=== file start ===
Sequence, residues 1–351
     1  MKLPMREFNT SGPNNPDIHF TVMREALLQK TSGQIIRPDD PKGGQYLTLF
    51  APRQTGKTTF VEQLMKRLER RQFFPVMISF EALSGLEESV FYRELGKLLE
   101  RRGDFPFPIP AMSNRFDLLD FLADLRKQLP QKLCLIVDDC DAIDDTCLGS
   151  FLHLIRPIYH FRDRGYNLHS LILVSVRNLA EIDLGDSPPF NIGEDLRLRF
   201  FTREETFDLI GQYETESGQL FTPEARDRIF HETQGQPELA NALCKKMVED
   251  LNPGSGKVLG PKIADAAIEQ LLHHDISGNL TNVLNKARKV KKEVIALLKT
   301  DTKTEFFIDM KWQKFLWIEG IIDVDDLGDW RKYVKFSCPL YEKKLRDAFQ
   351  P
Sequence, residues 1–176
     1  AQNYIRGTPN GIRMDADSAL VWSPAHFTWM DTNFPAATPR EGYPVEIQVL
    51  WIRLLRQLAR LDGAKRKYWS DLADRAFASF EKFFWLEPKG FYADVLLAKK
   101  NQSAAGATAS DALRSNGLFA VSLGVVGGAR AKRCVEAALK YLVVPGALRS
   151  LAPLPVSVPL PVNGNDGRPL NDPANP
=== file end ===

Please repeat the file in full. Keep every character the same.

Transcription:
Sequence, residues 1–351
     1  MKLPMREFNT SGPNNPDIHF TVMREALLQK TSGQIIRPDD PKGGQYLTLF
    51  APRQTGKTTF VEQLMKRLER RQFFPVMISF EALSGLEESV FYRELGKLLE
   101  RRGDFPFPIP AMSNRFDLLD FLADLRKQLP QKLCLIVDDC DAIDDTCLGS
   151  FLHLIRPIYH FRDRGYNLHS LILVSVRNLA EIDLGDSPPF NIGEDLRLRF
   201  FTREETFDLI GQYETESGQL FTPEARDRIF HETQGQPELA NALCKKMVED
   251  LNPGSGKVLG PKIADAAIEQ LLHHDISGNL TNVLNKARKV KKEVIALLKT
   301  DTKTEFFIDM KWQKFLWIEG IIDVDDLGDW RKYVKFSCPL YEKKLRDAFQ
   351  P
Sequence, residues 1–176
     1  AQNYIRGTPN GIRMDADSAL VWSPAHFTWM DTNFPAATPR EGYPVEIQVL
    51  WIRLLRQLAR LDGAKRKYWS DLADRAFASF EKFFWLEPKG FYADVLLAKK
   101  NQSAAGATAS DALRSNGLFA VSLGVVGGAR AKRCVEAALK YLVVPGALRS
   151  LAPLPVSVPL PVNGNDGRPL NDPANP